Mascara ads showing Kate Moss sporting “traffic stopping” eyelashes have been banned after complaints that the supermodel’s lashes were false.
The magazine and TV ads for Rimmel said that the ‘Magnif’eyes mascara’ produced 70 per cent more lift, with a ‘unique vertical life brush’ helping wearers ‘get the London look’.
Moss features in both the magazine ad and the TV commercial - but two viewers complained that they did not believe her eyelashes were genuine and that the ads exaggerated the effect of the mascara.
Ad firm J Walter Thompson (JWT) insisted that Moss was not wearing false eyelashes, but did not provide documentary evidence to back it up. The firm admitted the lashes were enhanced after the shoot.
The Advertising Standards Authority investigated complaints that the lashes were false and also challenged whether Rimmel could back up their claim that the mascara provided 70 per cent more lift.
Rimmel said it had developed existing brush technology by creating a mascara brush that provided greater lash lift and claimed it had tested the claim of 70 per cent more lash lift on ten female panellists.
It provided a table and a sample before and after shot, claiming the results showed the average increase in lash lift from roof to tip was 74.7 per cent.
The Broadcast Advertising Clearance Centre (BACC) said they were satisfied that the demonstration sequences were an accurate reflection of the capabilities of the product and supported the claims made in the TV ad.
However, the ASA concluded that it could not be proved the lashes weren’t false - and ordered the company not to repeat the claims. It also found the 70 per cent claim could be misleading.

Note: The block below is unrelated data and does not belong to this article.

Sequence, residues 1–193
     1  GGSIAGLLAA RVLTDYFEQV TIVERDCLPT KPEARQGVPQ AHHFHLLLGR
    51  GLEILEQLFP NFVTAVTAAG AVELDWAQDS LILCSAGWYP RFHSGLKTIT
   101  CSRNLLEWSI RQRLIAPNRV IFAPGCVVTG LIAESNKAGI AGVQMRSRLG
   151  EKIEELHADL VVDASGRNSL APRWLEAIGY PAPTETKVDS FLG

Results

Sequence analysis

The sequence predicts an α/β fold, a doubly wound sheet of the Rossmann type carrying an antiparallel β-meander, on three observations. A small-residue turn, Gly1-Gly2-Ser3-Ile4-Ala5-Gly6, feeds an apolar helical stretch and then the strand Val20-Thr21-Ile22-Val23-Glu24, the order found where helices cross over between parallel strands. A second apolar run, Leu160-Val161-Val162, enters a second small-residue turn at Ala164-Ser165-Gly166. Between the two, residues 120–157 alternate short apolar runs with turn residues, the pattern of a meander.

A spokesman said: “The ASA was concerned that Rimmel had failed to provide evidence that confirmed Kate Moss was not wearing false lashes.
“We were also concerned that JWT said they had retouched the lashes in post production, but had not provided data that clarified the extent to which that had altered the appearance of the lashes.
“Because we had not received documentary evidence that Kate Moss was not wearing false lashes in the ads we concluded that the images of the eye lashes in the press and TV ads may have exaggerated the benefits of the product, and were likely to mislead consumers.
“The ASA acknowledged the evidence submitted by Rimmel to support their claims ‘70% more vertical lashes’ in the press ad and ‘70% more lash lift’ in the TV ad.
“We noted that the measurements used in the test were taken from digital images of the eye before and after the mascara was applied, and were not taken from the actual lashes themselves.
“We considered that some consumers could interpret the claim to refer to an increase in actual lash length, rather than the length of the lashes as it appeared in the digital images.
“Because the claim ‘70% more lash lift’ referred to an increase in the appearance of the lash length, and not an actual increase, we concluded that the ad could mislead.
“We told Rimmel not to repeat the ad in its present form. We advised them to include a disclaimer in future ads where post production techniques had been used to increase the effects of a product, or where false lashes had been used.
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